Newly DOTmed Certified John Gladstein
, minority owner of Medical Device Depot Inc., knew he had to run his own business sooner or later.
Gladstein got his feet wet in the medtech business while still in college when he took a job at his stepfather's medical equipment distribution company. As his stepdad's only salesperson, Gladstein single-handedly upped company sales from $250,000 to $4.8 million in the 18 years he worked there. During that time, he also completed his MBA at the University of Maryland.
Finally, he decided it was time to turn his entrepreneurial itch into a reality. In January 2008, he started his own company, Medical Device Depot (MDD), in Ellicott City, Maryland. MDD sells new cardiopulmonary devices to physicians, hospitals, and government agencies--Gladstein buys the technology from manufacturers such as Welch Allyn, Midmark, and Nasiff Associates.
While most of MDD's customers buy new wares, Gladstein says he occasionally spots slightly used equipment that meets or exceeds OEM specs, and is able to offer clients excellent deals on these products.
Farming Out Sales
As far as new equipment is concerned, he says he is able to slash overhead by letting OEMs make onsite calls to his customers, rather than hiring his own sales team. "We pass these savings on to our customers," Gladstein says.
While eliminating sales personnel, Gladstein says he refuses to skimp when it comes to offering his customers the tech support they need, either by telephone or via a service called LiveChat. He says he pays his technical support team "above-market prices" so that customers can speak with knowledgeable staff.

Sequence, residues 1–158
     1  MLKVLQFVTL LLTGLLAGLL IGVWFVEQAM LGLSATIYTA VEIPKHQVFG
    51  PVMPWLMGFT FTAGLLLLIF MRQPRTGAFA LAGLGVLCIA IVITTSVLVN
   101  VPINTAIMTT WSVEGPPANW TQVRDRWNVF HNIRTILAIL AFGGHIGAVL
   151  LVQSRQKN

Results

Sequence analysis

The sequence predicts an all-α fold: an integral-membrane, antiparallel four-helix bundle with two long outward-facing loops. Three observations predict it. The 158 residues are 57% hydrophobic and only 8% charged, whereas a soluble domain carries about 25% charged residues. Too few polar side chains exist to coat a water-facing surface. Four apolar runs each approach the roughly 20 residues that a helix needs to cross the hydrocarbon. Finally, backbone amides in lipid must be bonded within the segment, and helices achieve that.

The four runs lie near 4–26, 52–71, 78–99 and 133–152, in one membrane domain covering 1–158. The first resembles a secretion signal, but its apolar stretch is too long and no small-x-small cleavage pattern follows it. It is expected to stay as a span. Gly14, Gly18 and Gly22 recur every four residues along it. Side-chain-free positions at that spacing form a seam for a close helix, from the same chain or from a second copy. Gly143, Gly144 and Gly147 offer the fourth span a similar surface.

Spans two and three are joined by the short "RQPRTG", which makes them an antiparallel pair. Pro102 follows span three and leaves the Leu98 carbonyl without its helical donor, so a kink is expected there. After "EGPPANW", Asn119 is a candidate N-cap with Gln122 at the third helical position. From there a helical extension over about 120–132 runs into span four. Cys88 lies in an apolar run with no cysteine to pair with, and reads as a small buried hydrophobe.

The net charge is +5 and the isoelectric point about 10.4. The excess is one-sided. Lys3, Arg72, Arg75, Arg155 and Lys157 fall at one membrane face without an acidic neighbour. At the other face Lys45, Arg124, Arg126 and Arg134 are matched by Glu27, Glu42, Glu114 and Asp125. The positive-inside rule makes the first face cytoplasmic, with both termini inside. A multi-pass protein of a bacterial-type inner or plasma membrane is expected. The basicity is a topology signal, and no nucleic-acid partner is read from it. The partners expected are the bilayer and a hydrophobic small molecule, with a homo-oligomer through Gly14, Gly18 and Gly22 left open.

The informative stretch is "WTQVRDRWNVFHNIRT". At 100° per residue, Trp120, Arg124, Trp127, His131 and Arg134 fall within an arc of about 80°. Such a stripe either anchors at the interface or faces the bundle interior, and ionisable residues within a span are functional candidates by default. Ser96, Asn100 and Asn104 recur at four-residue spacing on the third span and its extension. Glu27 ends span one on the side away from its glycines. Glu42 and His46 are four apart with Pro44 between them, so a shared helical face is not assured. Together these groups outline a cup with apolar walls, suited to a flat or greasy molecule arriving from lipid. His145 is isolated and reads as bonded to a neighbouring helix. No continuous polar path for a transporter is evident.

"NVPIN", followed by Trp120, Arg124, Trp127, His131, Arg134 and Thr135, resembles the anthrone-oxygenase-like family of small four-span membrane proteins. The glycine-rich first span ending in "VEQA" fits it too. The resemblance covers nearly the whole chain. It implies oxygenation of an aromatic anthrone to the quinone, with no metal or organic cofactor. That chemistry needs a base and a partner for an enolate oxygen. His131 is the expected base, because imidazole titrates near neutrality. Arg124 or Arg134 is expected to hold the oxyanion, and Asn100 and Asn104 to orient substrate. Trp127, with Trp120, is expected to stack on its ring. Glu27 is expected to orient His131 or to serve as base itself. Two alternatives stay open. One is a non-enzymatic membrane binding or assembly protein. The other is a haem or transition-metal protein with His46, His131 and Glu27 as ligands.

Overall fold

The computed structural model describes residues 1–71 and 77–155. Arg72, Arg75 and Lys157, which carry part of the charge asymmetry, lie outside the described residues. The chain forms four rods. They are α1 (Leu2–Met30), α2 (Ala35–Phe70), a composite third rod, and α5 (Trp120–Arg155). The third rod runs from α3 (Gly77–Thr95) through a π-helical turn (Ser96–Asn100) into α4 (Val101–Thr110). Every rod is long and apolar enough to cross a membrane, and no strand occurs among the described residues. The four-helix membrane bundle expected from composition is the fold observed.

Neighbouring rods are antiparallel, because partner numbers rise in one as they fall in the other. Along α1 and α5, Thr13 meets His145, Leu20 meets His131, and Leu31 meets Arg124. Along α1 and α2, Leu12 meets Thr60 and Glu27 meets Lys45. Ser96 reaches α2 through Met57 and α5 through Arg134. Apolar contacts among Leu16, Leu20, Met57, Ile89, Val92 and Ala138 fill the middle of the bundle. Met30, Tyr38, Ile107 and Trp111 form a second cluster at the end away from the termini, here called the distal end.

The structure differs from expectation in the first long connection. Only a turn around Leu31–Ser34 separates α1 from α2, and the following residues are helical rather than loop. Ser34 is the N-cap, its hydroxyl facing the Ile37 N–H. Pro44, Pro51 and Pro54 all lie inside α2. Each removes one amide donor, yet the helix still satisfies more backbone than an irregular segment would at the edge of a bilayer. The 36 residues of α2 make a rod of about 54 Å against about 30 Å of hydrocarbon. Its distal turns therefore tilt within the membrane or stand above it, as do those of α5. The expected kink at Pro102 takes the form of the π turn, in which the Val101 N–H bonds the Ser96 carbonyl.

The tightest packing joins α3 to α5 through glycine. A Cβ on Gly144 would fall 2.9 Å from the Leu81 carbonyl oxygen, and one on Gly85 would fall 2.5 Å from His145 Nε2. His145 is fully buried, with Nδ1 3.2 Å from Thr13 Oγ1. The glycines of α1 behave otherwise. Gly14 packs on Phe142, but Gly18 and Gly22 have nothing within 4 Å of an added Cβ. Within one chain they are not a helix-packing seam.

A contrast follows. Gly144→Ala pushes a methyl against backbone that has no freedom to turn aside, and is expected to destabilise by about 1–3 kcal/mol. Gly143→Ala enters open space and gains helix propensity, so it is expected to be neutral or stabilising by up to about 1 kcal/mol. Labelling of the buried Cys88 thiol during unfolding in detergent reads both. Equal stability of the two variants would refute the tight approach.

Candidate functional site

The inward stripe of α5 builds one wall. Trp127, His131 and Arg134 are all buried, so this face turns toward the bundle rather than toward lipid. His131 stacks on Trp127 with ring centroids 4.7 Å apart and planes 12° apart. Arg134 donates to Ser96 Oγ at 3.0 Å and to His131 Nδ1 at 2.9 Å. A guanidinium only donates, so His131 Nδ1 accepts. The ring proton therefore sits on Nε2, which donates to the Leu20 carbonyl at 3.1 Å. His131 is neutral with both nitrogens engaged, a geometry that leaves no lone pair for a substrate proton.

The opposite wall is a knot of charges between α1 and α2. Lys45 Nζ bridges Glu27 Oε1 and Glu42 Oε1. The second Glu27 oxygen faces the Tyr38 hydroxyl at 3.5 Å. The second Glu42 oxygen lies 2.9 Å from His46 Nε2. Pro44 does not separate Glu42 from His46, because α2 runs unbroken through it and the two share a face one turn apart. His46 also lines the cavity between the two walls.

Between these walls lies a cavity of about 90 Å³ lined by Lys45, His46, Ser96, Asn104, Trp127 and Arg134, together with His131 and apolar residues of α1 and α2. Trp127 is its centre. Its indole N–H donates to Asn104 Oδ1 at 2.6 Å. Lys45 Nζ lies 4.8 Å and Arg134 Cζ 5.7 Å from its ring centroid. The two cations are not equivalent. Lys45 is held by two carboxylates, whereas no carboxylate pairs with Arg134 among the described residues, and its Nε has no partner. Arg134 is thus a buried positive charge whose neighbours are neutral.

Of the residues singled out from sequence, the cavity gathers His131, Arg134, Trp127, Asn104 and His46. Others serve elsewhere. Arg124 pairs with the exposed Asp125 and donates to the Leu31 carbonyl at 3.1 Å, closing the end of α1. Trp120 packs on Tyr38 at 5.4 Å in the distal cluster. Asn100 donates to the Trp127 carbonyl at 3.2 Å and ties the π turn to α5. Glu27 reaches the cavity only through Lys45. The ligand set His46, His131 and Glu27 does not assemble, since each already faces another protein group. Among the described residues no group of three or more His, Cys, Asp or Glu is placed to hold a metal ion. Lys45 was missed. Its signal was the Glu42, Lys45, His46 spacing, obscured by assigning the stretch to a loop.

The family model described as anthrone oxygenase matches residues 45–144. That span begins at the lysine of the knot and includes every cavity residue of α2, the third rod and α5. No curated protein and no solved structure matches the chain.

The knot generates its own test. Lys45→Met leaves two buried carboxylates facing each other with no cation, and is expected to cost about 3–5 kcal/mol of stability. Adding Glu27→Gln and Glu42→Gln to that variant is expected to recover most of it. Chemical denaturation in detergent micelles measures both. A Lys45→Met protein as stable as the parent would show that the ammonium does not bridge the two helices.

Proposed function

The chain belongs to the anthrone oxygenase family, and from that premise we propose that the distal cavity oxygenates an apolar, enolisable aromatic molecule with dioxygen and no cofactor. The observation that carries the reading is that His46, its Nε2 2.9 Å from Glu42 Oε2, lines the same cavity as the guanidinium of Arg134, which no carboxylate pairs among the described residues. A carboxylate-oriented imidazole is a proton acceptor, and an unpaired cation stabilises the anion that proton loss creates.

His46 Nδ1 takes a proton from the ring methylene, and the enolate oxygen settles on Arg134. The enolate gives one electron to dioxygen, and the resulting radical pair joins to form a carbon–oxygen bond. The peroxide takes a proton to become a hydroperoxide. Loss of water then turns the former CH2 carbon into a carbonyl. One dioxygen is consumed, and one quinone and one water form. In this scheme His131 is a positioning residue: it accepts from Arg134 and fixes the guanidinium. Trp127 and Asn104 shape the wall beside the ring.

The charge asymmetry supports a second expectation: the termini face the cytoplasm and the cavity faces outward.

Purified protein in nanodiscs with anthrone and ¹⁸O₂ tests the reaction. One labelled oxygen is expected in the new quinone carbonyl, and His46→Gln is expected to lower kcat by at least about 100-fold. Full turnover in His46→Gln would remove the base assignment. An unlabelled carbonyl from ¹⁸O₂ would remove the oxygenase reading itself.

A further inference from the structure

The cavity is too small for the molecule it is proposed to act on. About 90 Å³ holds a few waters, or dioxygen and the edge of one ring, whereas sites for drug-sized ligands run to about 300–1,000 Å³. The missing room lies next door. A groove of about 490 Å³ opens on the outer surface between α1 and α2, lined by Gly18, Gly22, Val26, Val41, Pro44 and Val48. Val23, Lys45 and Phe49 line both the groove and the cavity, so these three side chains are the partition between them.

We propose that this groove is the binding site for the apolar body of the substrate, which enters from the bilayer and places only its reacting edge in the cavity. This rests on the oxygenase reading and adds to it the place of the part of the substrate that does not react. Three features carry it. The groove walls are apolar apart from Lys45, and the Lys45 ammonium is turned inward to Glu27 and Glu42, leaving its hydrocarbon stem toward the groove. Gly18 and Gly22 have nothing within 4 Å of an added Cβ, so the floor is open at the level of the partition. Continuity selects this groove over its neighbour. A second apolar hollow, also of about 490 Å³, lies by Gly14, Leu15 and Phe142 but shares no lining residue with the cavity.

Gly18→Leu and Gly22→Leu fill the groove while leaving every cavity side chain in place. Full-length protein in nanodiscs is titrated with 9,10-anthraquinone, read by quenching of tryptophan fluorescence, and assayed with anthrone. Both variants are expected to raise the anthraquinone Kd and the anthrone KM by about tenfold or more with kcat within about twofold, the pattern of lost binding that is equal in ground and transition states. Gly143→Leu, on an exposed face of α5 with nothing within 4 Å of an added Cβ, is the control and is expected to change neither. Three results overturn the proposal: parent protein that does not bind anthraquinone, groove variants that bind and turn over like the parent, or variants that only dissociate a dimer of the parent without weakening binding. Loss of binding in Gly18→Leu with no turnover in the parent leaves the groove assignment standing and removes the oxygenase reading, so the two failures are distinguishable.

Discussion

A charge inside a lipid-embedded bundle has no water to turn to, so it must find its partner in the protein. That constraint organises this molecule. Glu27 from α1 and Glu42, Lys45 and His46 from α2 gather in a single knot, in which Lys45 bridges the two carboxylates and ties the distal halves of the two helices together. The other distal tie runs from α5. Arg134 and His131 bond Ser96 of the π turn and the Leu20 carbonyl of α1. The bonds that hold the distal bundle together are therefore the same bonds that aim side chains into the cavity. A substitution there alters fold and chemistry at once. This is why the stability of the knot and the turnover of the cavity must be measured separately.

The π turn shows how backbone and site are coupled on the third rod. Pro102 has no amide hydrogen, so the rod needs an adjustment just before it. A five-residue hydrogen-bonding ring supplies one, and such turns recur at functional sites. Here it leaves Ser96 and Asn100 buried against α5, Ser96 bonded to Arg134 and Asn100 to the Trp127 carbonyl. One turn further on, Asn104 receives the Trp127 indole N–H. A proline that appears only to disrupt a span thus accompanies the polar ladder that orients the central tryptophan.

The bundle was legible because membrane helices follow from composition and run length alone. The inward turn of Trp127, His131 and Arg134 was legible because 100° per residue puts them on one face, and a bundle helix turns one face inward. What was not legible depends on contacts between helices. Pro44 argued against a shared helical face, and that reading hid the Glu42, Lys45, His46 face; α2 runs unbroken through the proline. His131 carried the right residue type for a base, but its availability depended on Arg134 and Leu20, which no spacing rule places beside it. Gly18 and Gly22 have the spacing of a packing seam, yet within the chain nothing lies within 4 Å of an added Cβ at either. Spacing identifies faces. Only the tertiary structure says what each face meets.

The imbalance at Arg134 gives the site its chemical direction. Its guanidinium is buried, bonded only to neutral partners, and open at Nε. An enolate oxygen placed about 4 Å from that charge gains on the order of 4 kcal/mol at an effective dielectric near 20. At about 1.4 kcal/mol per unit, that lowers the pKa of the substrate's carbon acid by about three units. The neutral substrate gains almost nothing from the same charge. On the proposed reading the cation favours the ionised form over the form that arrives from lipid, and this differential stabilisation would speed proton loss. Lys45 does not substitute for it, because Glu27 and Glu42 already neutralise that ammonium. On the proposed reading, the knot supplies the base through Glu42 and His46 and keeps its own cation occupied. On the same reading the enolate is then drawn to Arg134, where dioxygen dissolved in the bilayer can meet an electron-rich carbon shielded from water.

PC Revolution to Drive Sales Growth
This strategy has worked: Medical Device Depot's sales grew to $3 million in its first year of operations. This year, Gladstein says he's on track to increase sales by 30 percent.
The cardiopulmonary market is in the midst of a technological transformation to PC-based products that will drive this extraordinary growth, he says. For instance, in 2009, for the first time, the majority of physicians (about 60 percent), are buying PC-based stress tests or EKGs, while 40 percent are still buying box-style equipment, Gladstein says.
He says that sales will continue to climb during the coming months and years, as more physicians switch to PC-based equipment. "We represent every OEM who sells these products, so we can pick the right solution for every one of our customers," Gladstein tells DOTmed.